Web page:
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Archive for the ‘Language’ Category

A Good Chap

If you’re being a good chap you can be counted on to do the right thing. Chap is a British term which applies to a man or boy. A woman may possibly be a chapess or chapette. This is different to the American term guy which can be applied to any gender.

Chap is a shortened form of chapman, an Anglo-Saxon term for a merchant, which is the ancestor of our word cheap, i.e. a bargain. Chapwoman referred to a female pedlar or dealer.

I’m interested in the word because I’m currently producing a chapbook, which was originally a small pamphlet of tales, ballads, etc, which was carried from place to place and offered for sale by a chapman.

My chapbook will be close to forty A5 pages, divided into seven chapters. The word chapter derives from the Latin caput (head).

There are also chaps, stout protective leggings worn by cowboys, and this word comes from Spanish. I wonder whether some chapmen may have worn chaps?

Cowboy in chaps

Myself I can’t be a good chap
my gender is the handicap

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A vicambulist is someone who walks around in the streets. That’s definitely me, although I’d prefer not to be called a street-walker as that word has other connotations.

Today as I walked around I met a group of workers who were replacing the traffic light pole at the north-east corner of the Barbadoes/Kilmore Street intersection. It became bent when hit by a vehicle.

Replacing the pole

A night-foundered vicambulist is a street-walker (with or without other connotations) who has got lost in the darkness. This is definitely not me, as if I walk at night I stick to streets I know well. Are you a vicambulist too?

A call for help must needs be sounded
if someone walking is night-foundered

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At an introductory session for my Te Reo course I was asked to fill in a form and give three reasons why I wanted to do the course.  I hadn’t thought a great deal about this beforehand (I’m a reflective learner) and put down things like wanting to understand what was being said at meetings and on radio and TV.  Lately I’ve been more carefully considering my reasons, particularly as my commitments for the next couple of months have increased, and I’m less confident of being able to give sufficient time to study.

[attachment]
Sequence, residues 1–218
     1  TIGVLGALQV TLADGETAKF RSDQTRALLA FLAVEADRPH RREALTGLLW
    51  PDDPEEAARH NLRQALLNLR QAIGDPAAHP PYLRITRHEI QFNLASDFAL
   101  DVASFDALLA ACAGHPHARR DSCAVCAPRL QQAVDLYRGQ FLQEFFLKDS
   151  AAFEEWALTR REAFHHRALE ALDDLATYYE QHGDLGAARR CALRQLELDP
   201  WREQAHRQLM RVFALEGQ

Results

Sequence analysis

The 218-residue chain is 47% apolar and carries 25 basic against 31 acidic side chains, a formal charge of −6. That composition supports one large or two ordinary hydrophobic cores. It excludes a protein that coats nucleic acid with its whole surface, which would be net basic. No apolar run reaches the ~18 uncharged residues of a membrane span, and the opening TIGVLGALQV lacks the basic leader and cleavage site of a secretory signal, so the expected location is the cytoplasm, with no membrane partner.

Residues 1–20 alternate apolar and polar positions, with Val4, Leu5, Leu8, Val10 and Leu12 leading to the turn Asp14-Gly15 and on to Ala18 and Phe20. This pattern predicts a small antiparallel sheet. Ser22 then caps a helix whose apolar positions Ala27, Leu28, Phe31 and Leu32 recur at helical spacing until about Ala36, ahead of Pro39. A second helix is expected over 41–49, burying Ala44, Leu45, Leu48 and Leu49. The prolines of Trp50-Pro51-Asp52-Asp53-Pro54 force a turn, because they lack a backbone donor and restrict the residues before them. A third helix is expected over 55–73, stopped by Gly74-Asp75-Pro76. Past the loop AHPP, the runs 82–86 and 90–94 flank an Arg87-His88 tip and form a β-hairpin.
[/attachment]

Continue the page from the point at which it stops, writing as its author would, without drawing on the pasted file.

My desire to learn Te Reo is partly because of my commitment to Te Tiriti and partly because of my desire for a more inclusive society where my values are shared.  On several past occasions I’ve been part of making a treaty-based decision to transfer a small amount of power from Pakeha to Maori, which has always given me a good feeling, as well as building my relationship with Maori.  For some years I regularly attended monthly meetings of Te Runaka ki Otautahi o Kai Tahu, and loved the process, energy and ‘wellcomeness’/manaakitanga of these meetings – so different to the way much Pakeha business is conducted.  I’m aware that Te Tiriti is the basis for government in this country.

I’ve done some study, mainly experiential, of Maori Tikanga, and I’m drawn to the fact that their world view is communal rather than individual.  I also love that their spirituality is based on nature and a balance between feminine and masculine.  This is in line with my own spirituality and has a familiar security for me.  I sometimes find the Maori links with Christianity uncomfortable, but this applies in the Pakeha world as well!

I see learning Te Reo as a personal way of helping to integrate society in Aotearoa.  All my voluntary work is based around supporting communities, especially my local geographic community, and I welcome the chance to help bring about a society that reflects my values.  My recent small action for abortion law reform was another such opportunity.

It’s been good to reflect on my reasons for choosing to study Te Reo, and this reflection makes me more motivated to succeed.

Te Reo opens up a door
and I’m encouraged to learn more

 

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Prime Poems